It was not long, however, before these early Macedonians were able to turn this misfortune to their own ends. Sensing the waning power of their conquerors and realizing the degradation to which the native tribes in the east had fallen under the heel of the Persians, the armies of the Argeadae family suddenly crossed the Axios river, swept on east, drove out the invader and easily conquered the already impoverished barbarians. By this move they extended their lines to the Strymon river and even beyond, for they secured, we are told, the rich Pangaion mountains with their silver and gold. Turning now to the west and strengthening its possessions on this frontier, Macedonia began to approach the status of a great power, sometimes friendly with, sometimes opposing, the colonizing efforts of her Greek cousins from the south. In the fourth century the ancient Albanians, or Ilyrians, appeared out of the northwest and overran, with disastrous results, much of Western Macedonia. But, in the end, those that remained seem to have been largely assimilated by the strong and prepotent race that now considered this region theirs.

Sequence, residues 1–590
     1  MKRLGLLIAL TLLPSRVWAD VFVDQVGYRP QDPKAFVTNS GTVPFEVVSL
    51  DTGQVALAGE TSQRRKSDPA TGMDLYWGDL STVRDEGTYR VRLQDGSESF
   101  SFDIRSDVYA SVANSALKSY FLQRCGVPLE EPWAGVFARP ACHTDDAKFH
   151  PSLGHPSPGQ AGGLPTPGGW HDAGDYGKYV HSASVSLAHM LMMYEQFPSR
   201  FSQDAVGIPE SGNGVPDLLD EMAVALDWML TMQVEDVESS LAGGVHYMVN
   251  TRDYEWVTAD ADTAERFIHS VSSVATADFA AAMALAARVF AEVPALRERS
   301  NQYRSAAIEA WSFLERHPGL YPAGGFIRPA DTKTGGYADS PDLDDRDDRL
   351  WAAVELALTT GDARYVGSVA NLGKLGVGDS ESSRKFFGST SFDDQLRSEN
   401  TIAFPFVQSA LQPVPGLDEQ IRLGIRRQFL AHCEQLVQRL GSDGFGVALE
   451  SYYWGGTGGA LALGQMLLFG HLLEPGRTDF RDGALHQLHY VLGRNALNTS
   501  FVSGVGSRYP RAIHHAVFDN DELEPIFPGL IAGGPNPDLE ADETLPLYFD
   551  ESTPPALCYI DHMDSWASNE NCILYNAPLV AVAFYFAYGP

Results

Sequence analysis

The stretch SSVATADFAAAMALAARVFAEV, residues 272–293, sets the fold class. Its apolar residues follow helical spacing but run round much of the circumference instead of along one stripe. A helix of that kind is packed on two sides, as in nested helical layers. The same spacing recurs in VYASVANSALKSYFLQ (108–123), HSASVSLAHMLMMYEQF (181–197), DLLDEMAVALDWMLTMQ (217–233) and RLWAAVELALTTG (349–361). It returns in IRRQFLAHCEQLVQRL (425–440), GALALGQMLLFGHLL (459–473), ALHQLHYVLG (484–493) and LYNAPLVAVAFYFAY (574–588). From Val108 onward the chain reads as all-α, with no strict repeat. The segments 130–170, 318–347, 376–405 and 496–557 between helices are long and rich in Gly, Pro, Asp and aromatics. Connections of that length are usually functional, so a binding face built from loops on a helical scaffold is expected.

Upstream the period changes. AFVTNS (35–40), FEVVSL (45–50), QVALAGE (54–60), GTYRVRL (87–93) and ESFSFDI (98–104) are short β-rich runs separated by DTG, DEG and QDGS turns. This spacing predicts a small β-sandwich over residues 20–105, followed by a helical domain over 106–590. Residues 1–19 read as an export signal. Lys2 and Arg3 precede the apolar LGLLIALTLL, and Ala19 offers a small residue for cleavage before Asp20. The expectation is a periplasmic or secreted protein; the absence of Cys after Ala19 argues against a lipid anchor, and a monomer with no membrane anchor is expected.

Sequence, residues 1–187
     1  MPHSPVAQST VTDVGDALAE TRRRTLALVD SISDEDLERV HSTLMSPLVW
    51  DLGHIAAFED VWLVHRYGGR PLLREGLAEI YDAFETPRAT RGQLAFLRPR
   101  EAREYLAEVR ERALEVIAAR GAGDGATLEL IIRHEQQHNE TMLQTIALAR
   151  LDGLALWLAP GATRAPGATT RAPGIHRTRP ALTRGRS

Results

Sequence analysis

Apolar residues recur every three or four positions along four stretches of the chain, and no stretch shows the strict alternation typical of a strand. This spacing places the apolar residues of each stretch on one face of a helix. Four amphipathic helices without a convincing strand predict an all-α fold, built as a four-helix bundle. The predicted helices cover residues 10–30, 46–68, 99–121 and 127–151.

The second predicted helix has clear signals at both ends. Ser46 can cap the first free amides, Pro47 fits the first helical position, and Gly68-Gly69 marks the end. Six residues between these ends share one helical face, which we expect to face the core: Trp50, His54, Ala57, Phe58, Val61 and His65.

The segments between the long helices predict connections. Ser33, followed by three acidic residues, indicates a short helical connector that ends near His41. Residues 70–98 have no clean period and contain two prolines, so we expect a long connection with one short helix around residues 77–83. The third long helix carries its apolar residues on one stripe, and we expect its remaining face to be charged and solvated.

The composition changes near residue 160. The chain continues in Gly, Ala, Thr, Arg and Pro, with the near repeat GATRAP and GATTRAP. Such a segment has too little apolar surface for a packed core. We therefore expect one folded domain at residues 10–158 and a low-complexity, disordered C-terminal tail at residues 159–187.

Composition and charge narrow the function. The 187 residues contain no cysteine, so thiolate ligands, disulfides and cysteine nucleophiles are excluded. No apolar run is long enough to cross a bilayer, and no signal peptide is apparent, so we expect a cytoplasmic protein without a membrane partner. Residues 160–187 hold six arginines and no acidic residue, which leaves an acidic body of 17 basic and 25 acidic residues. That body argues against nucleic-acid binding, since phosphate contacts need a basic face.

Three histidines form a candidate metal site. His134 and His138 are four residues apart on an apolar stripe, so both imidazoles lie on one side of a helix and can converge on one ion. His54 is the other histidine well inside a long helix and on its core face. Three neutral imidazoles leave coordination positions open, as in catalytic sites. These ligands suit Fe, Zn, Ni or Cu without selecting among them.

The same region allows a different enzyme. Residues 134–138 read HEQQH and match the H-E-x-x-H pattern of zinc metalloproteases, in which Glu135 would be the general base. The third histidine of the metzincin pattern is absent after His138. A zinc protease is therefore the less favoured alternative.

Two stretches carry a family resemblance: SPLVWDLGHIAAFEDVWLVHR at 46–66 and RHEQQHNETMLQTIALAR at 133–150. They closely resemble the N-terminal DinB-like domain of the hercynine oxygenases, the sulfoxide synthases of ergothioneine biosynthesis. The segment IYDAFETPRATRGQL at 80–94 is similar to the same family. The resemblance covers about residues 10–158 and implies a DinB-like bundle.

The period of Phillip the II and his son, Alexander the Great (359 to 323 b. c.), is fairly well-known, and so we may omit this most important epoch from our brief historical review. As frequently happens, this Golden Age of expansion was followed by tragic decadence. Kassandros, who had been a trusted General under Alexander, whose sister he married, took over the reins of government following a brief rule by his father, Antipatos. He tried to save the country by promoting a policy of "Back to the good old days of Phillip the II," but it was of no avail. Heavy emigration set in, the population fell, wealth decreased, and finally in 279 b. c. there was an invasion of the Gauls and the Celts. One important contribution of Kassandros, however, has come down to our time. He united twenty-six little settlements located at the head of the bay, not far from his father-in-law's former capital of Pella, and named the town after his wife, Thessaloniki.